It may arguably be the worst time to play Leicester City as the Foxes’ confidence is sky high after a ruthless 9-0 away win at Southampton. Brendan Rodgers will make changes for this game which could give Burton Albion hope, however, it can also mean that the players coming in have a point to prove to get into the starting 11. What Burton Albion can take confidence from is the fact they made the semi-finals of this competition last year and this may give them a boost going into this game.
This tactical analysis breaks down the tactics used by Rodgers and Nigel Clough as the two teams look for a spot in the Quarter-finals of the EFL Cup.
As expected both teams made changes for this EFL Cup tie with a chance for some of Leicester’s squad players a chance allowed to bid for a place in the first team. Rodgers has a distinctive way he likes his teams to play. This meant he was keen to keep the same formation so that everyone in the squad knows their roles if they are called upon.
Burton also made changes from their game at the weekend as Liam Boyce came in for Lucas Akins and Reece Hutchinson replaced Richard Nartey. It did not affect their formation as the kept to the 4-1-4-1 that matches Leicester. Setting up, in the same way, could potentially be dangerous as Leicester have a much better team and could expose Burton’s weaknesses. However, sticking to what you know can mean they play at their best as they know where everyone should be and is a safer approach to the game.
Foxes pounce early
From the outset, it was clear what Burton’s game was. They committed players forward to put pressure on Leicester’s backline to try and force mistakes. This is a bold tactic as in recent years the Foxes are famous for their quick counter-attacks. One of Leicester’s traits this year has been stretching their opponents by keeping players out wide and this tactic continued into this game.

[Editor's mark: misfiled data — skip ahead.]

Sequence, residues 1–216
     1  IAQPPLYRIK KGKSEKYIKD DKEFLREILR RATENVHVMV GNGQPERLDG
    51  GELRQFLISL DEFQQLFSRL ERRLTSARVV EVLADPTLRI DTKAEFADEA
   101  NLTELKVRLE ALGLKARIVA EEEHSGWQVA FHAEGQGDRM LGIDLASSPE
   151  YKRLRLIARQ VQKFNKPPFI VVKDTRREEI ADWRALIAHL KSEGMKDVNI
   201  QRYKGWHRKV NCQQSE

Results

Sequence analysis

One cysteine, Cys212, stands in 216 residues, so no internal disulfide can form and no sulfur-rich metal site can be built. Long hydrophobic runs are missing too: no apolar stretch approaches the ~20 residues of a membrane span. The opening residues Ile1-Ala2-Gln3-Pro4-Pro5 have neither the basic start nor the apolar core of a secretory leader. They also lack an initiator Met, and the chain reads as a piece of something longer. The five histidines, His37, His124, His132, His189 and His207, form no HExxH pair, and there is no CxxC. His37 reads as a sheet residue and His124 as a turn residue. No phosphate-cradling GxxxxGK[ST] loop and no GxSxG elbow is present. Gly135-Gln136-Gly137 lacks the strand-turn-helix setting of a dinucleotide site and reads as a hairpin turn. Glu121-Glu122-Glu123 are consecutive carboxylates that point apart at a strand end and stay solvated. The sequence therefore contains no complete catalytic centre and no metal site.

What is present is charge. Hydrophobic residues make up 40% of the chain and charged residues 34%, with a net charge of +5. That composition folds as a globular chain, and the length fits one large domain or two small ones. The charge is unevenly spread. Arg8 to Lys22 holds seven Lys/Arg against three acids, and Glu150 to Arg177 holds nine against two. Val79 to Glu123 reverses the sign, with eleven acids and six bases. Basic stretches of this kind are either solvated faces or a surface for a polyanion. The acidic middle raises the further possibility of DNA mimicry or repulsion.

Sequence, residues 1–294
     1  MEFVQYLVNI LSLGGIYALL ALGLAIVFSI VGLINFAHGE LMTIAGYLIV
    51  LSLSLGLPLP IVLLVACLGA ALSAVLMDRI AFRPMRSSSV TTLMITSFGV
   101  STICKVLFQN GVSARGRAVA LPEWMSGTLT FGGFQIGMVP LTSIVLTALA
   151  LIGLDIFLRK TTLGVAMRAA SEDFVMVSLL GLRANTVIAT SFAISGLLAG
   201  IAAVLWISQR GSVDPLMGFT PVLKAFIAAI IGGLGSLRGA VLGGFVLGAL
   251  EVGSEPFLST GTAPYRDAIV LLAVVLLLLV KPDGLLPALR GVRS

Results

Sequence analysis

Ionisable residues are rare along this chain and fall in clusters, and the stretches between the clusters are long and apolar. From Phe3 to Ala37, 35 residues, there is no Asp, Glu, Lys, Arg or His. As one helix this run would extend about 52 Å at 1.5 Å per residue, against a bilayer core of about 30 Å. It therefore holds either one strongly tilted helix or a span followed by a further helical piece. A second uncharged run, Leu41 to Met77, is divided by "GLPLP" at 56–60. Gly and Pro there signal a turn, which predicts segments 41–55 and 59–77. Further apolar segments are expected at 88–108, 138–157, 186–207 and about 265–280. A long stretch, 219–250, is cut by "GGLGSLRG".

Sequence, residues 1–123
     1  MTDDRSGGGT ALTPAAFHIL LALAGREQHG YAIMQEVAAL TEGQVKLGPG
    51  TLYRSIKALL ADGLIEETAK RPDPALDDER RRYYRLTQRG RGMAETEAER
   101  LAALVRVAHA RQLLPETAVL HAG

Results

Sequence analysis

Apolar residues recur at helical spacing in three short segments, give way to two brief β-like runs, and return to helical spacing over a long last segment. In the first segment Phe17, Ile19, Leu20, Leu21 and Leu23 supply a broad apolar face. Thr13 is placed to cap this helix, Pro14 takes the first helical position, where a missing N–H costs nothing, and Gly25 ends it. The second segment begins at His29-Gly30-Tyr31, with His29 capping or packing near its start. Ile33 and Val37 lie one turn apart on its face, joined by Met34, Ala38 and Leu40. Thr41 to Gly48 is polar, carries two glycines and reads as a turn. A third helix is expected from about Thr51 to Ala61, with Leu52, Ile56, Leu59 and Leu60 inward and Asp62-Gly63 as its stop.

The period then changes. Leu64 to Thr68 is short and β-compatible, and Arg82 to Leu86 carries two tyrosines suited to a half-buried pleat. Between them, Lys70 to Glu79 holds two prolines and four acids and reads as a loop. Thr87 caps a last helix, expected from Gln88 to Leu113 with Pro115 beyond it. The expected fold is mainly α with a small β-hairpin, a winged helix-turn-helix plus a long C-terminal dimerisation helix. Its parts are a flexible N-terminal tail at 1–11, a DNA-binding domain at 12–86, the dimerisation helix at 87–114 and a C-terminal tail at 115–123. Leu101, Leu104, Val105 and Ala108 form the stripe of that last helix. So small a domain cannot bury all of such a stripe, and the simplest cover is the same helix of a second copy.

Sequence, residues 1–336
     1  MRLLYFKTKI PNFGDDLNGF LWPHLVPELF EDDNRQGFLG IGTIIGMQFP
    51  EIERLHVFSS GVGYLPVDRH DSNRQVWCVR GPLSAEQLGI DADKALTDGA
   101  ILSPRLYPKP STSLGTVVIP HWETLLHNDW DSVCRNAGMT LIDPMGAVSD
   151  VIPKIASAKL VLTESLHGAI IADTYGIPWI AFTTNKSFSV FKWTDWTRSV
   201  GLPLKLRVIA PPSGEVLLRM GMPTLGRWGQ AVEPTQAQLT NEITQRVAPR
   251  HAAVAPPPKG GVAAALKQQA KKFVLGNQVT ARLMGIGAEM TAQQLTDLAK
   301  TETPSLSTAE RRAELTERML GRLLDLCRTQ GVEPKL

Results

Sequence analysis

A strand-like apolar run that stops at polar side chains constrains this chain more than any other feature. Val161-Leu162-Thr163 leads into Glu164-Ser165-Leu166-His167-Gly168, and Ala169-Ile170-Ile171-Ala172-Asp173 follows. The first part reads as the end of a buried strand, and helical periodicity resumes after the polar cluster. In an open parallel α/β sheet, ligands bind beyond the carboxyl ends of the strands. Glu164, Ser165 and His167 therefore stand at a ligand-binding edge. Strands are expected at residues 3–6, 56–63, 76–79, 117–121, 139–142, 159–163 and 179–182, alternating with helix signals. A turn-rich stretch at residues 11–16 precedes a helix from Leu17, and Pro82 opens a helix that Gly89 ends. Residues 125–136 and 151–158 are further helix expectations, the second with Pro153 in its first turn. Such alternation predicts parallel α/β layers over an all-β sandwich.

However, because of Burton’s high press Leicester can capitalise on a mistake and break with devastating effect. The first goal came as a result of a poor pass from Burton on the edge of Leicester’s penalty areas. And a good pass out to Demarai Gray enabled him to bring the ball up the pitch. With men committed forward all it took was a run from Marc Albrighton to drag the right-back John Brayford across the pitch to allow the marauding Youri Tielemans the freedom of the left of the pitch. He then finished off the move with a lovely first-time ball to Kelechi Iheanacho who had a tap in.
Burton struggled to contain Leicester as every time they went forward they were able to find gaps in the defensive line as Burton were more concerned with keeping a good shape. this allowed the Foxes to get in behind on many occasions as defenders were not close enough to their man. It is also a very dangerous way of playing as the Leicester forwards are much quicker than the defence so there would be no catching them.
In the example above Jonny Evans has three players available all of which do not have a man near them. He opts for Albrighton but it is slightly mistimed saving the Brewers this time. Nevertheless, it only took Leicester 20 minutes to double their lead. The goal came from a mistake again but it was not helped by the formation.
More trouble for Burton
For the second goal, it was a poor pass from Burton’s centre-half on the halfway line meant the two central midfielders where out of position and could not provide the defensive cover. and in this case, the holding midfielder was also behind the Leicester City forwards. as a result with Leicester having men in advanced positions, they were able to get in behind and without the numbers back Tielemans was free in the box to punish the mistake.
Burton’s failure to adapt to the way that Leicester where playing caused them so many problems. As the defence was more concerned about getting into shape rather than picking up players. Therefore as mentioned in the analysis before it was easy for Leicester to get in behind and they often had multiple options in the box to choose from. this is illustrated here: